Indian Forest Service
|This article needs additional citations for verification. (June 2013)|
|Training Ground||Indira Gandhi National Forest Academy, Dehradun|
|Controlling Authority||Ministry of Environment and Forests (India)|
|Legal personality||Governmental: Government service|
|General nature||Administration of Forest and Wildlife resources|
|Preceding service||Imperial Forestry Service|
|Cadre size||3034 (Including 2009)|
|Director General of Forests
Current: K. Judesekar
|Head of the Civil Services|
Current: A. K. Seth
|Part of a series on the|
|Wildlife of India|
- "Imperial Forest Service" redirects here
The Indian Forest Service (Hindi: भारतीय वन सेवा) (Abbreviated as IFS) is the Forestry service of India. It is one of the three All India Services of the Government of India. Its members are recruited by the national government but serve under the state governments or Central Government.
The modern Indian Forest Service was created in 1966 for protection, conservation, and regeneration of forest resources.
Imperial Forest Service
India was one of the first in the world to introduce scientific forest management. In 1864, the British Raj established the Imperial Forest Department. In 1866 Dr. Dietrich Brandis, a German forest officer, was appointed Inspector General of Forests. The Imperial Forestry Service was organized subordinate to the Imperial Forest Department in 1867. The British colonial government also constituted provincial forest services and executive and subordinate services similar to the forest administrative hierarchy used today.
Officers appointed from 1867 to 1885 were trained in Germany and France, and from 1885 to 1905 at Cooper's Hill, London, a noted professional college of forestry. From 1905 to 1926, the University of Oxford (Sir William Schlich), University of Cambridge, and University of Edinburgh had undertaken the task of training Imperial Forestry Service officers.
Indian Forest College
The Indian Forest College (IFC) was established in the 1938 at Dehradun, and officers recruited to the Superior Forest Service by the states and provinces were trained there. Forestry, which was managed by the federal government until then, was transferred to the "provincial list" by the Government of India Act 1935, and recruitment to the Imperial Forestry Service was subsequently discontinued.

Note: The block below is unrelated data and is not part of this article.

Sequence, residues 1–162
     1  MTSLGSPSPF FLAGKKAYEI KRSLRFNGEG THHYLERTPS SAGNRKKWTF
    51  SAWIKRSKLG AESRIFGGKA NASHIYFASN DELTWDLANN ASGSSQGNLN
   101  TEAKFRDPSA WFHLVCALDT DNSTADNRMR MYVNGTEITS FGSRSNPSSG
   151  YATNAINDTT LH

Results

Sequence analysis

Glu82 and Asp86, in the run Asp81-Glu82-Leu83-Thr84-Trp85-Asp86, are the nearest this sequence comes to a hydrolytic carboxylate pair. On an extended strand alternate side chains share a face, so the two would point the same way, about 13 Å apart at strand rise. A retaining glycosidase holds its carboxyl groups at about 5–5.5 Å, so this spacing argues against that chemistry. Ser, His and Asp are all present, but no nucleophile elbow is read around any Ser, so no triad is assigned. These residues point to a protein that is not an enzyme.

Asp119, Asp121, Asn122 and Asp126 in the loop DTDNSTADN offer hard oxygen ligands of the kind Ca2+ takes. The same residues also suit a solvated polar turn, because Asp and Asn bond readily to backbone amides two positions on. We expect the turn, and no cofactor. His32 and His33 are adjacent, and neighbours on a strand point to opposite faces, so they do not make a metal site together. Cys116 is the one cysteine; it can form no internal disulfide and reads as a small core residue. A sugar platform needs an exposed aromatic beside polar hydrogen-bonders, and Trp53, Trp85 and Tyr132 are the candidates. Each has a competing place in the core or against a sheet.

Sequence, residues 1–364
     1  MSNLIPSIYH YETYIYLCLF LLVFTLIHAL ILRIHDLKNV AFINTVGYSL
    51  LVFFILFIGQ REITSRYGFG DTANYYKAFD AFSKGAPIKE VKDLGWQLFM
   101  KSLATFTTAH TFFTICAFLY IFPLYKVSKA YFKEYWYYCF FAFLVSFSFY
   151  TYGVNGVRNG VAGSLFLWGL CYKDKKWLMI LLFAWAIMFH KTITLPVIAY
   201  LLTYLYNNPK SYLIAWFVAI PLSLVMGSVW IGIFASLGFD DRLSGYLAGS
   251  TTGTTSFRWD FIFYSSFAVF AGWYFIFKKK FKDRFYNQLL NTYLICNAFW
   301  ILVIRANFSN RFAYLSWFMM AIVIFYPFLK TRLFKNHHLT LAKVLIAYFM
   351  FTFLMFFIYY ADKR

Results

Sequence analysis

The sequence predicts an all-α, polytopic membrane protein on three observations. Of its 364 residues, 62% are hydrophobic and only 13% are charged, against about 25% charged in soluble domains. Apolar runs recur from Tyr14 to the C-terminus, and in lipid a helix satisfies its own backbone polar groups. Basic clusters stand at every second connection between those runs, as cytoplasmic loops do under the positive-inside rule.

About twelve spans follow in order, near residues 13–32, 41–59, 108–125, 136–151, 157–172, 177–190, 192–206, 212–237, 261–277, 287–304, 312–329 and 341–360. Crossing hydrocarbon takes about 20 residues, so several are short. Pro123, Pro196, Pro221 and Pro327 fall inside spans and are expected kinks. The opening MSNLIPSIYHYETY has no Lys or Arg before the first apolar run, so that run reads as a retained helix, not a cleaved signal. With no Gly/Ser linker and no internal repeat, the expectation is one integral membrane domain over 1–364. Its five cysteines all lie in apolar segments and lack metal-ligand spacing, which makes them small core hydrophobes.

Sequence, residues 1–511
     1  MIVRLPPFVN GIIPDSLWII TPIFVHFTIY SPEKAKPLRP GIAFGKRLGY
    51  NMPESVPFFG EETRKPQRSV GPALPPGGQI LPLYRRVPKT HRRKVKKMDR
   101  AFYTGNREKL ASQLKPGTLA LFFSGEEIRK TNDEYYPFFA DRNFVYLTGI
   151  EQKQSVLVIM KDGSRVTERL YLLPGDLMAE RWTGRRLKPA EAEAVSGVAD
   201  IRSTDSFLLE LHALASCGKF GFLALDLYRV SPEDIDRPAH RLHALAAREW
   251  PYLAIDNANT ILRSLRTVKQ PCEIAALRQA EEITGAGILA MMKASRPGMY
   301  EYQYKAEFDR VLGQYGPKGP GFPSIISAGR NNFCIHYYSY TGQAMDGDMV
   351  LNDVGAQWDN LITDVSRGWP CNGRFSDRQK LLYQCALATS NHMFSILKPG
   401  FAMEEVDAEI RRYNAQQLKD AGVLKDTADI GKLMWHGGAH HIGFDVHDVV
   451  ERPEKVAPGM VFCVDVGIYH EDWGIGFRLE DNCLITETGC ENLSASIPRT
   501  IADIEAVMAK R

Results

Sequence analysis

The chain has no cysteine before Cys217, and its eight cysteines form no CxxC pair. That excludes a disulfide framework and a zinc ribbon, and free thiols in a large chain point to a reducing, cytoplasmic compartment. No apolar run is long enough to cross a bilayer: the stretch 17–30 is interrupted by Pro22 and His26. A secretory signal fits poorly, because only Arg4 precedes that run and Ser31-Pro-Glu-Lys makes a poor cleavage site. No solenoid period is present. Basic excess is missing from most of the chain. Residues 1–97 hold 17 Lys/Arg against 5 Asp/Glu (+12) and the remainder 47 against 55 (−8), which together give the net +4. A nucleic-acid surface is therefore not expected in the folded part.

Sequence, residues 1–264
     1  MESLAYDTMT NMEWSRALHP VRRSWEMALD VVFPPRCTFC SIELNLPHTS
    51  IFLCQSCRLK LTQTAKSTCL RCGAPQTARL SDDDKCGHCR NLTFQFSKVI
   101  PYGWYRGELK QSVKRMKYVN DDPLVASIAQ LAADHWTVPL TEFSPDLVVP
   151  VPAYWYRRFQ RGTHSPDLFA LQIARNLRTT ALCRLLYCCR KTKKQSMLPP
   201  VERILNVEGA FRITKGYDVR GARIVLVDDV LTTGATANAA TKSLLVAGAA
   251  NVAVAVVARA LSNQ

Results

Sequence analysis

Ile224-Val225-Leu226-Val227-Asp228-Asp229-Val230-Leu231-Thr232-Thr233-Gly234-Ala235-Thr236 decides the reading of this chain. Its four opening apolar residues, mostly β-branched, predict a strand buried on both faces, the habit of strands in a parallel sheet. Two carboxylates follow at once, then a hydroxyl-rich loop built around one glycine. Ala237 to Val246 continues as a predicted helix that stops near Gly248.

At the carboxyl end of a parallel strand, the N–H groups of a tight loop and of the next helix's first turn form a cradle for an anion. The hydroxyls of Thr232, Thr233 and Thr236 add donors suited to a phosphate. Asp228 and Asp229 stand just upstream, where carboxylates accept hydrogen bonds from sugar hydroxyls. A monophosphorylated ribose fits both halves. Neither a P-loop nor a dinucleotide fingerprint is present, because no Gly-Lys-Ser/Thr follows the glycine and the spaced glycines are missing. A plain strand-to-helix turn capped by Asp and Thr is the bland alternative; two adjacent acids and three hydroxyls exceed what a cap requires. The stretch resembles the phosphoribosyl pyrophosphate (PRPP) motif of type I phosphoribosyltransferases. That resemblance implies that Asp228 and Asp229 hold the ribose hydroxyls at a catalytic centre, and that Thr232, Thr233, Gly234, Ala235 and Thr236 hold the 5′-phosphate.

The modern Indian Forest Service was established in 1966, after independence, under the All India Services Act 1951. The first Inspector General of Forests, Hari Singh, was instrumental in the development of the IFS.
India has an area of 635,400 km2 designated as forests, about 19.32 percent of the country. India's forest policy was created in 1894 and revised in 1952 and again in 1988.
They are trained at the Indira Gandhi National Forest Academy at Dehradun, with training on forest and wildlife management, soil conservation, surveying, Scheduled Tribes and handling weapons. After completion of their training the officers are awarded a master degree in Science (Forestry) of the Deemed University known as Forest Research Institute. The officers are taught more than 56 subjects of life sciences in two years.
After completing training at the academies, candidates go through a year of on-the-job field training in the state to which he or she is assigned. There is a probationary period of three years during which they are posted as Assistant Conservators of Forests. On completion, and after four years of service in the junior scale, officers are appointed to the Senior Time Scale and are entitled to be posted as Deputy Conservators of Forests or Divisional Forest Officers (DFO) in charge of districts/forest divisions.
The officers are supposed to work in the field of forestry as well as wildlife. At times they are posted as working plan officers and put on deputation with agencies such as State Forest Corporation, for carrying out exploiting operations of timber and their marketing, as Member Secretaries of Pollution control Board, Tourism Officers or Executive Directors or MDs of state-run corporations or boards. They can be posted as Secretaries of the Autonomous Bodies and as Directors or Joint Secretaries in government of India.
Indian Forest Service officers draw pay and other perks equal to Indian Police Service officers. They are awarded non-functional scales as when their juniors in IAS by two years draw the scale of Joint Secretary, they are awarded the scale of Chief Conservator of Forests in the state.
|Grade||Position in the State Government(s) or Central government||Pay Scale|
|Director General Of Forests Grade||Director General of Forests||80,000 (fixed) plus grade pay-Nil|
|Apex Scale||Principal Chief Conservator of Forests of States, Officers of equivalent rank posted at the union government||80,000 (fixed) plus grade pay-Nil|
|Above Super Time Scale||Addl.Principal Chief Conservator of Forests/Chief Conservator Of Forests||37,400-67,000 plus grade pay of 12,000|
|Super Time Scale||Chief Conservator of Forests||37,400-67,000 plus grade pay of 10000|
|Selection Grade||Conservator of Forests or Conservator of Forests||37,400-67,000 plus grade Pay of 8700|
|Junior Administrative Grade||Deputy Conservator of Forests or Divisional Forest Officers||15,600-39,100 plus grade pay of 7600|
|Senior Time Scale||Deputy Conservator of Forests or Divisional Forest Officers||15,600-39,100 plus grade pay of 6600|
|Junior Time Scale||Assistant Conservator Of Forests||15,600-39,100 plus grade pay of 5400|
- Ministry of Environment and Forests, India
- Indian Administrative Service
- Indian Police Service
- Indian Revenue Service